Review: G-Eazy sends mixed messages on “The Beautiful and Damned”

Nikhita Nookala

G-Eazy’s “The Beautiful & Damned.” (RCA Records)

California rapper and producer G-Eazy debuted his fourth studio album, “The Beautiful & Damned,” on Dec. 15, 2017. The project featured many collaborations with popular artists, including Halsey, Cardi B and Charlie Puth.

Peaking at No. 2 on the Billboard U.S. R&B/Hip-Hop chart and No. 3 on the Billboard Top 200, the album has been met with mixed reviews from critics. The album also included two singles, “No Limit” and “Him and I,” which were released on Dec. 8 and 5, respectively.

“No Limit” in particular achieved massive commercial success, going platinum and peaking at No. 5 on the Billboard Top 100. For G-Eazy and his collaborators, A$AP Rocky and Cardi B, the song created milestones, becoming Cardi B’s second top five song on the charts and tying A$AP Rocky’s record for highest charting song.

However, the album itself seems to have lost its own vision. Appearing to be inspired by F. Scott Fitzgerald’s 1922 novel of the same name, the album intended to explore the struggles of the famous, such as battling the pressure of sex, drugs and performance. Most songs, though, appear to settle into the well-overdone glorification of these themes and objectification of women.

For some critics, the length of the album was another problem.

The album is a two-disc album at a time when nobody uses discs. There’s no interruption, no welcome silence between discs one and discs two,” Wren Graves of Consequence of Sound said.

The inclusion of featured artists from such different genres was both appreciated and bizarre. While Cardi and A$AP definitely fit the bill, having singers like Anna of the North and Charlie Puth sing the chorus four times and then not contribute anything for the rest of the song was a waste of potential. Unfortunately, G-Eazy is also outshined by the talent of these singers in some cases, notably in “Crash and Burn,” featuring Kehlani, and “Him & I,” featuring Halsey.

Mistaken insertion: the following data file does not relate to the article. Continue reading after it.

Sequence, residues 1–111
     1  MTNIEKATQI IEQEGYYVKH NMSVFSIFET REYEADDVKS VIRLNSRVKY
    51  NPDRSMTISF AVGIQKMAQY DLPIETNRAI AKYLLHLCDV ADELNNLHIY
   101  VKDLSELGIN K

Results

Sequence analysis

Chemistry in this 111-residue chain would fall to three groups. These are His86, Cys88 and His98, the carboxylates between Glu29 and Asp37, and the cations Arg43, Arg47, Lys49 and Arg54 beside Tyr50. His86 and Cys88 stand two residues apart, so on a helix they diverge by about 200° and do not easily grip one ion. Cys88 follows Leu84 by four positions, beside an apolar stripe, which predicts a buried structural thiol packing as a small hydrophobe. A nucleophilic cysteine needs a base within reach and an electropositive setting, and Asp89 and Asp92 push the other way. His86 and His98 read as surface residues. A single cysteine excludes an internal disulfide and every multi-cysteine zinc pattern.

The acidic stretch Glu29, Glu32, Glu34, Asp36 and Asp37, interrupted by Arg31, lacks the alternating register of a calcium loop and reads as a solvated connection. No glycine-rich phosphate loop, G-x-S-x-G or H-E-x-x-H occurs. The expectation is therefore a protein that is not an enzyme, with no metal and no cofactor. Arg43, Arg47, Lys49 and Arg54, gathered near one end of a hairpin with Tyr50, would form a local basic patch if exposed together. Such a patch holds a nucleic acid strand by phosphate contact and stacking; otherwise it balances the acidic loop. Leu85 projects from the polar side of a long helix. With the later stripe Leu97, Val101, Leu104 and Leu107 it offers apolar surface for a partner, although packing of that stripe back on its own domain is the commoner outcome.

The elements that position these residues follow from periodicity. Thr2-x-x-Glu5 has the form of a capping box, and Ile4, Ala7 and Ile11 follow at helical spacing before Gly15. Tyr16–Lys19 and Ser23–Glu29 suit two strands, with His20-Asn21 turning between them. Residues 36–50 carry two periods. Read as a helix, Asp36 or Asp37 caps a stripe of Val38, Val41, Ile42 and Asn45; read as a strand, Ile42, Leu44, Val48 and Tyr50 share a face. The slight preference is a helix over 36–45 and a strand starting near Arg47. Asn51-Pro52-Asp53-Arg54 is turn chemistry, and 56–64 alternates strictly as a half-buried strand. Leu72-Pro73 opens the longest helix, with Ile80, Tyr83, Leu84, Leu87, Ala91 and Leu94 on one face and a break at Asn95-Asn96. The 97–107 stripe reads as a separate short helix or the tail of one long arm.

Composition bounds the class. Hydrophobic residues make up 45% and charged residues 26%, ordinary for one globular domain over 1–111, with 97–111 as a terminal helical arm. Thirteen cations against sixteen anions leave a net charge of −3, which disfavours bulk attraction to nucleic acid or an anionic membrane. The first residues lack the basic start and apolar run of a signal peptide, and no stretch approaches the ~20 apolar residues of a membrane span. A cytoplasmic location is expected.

The style and coherence of the album is also conflicted. Some songs have catchy beats with typical hip-hop style bars, such as “Legend,” which starts with the line “I’m back drinking whiskey.” Others appear to reflect an attempt at deeper meaning, such as “Love is Gone,” featuring Drew Love, which talks about the entertainer’s role in politics. The end result leaves the audience confused as to who G-Eazy actually is.

Overall, the album lacks the artistic genius of a serious rap album or the fun of a collection of party songs. The listener can clearly make the distinction between two different albums that have been forced to coexist in “The Beautiful and Damned.”

Most of the songs are fun to listen to on their own, but to hear the album as a whole in its 20-song glory is at best confusing and, at worst, a chore. In a year filled with innovative hip-hop and R&B releases like Kendrick Lamar’s “Damn.” and Drake’s “More Life,” this album falls short of spectacular.

“The Beautiful and Damned” is now available to stream on Spotify, Apple Music and Soundcloud.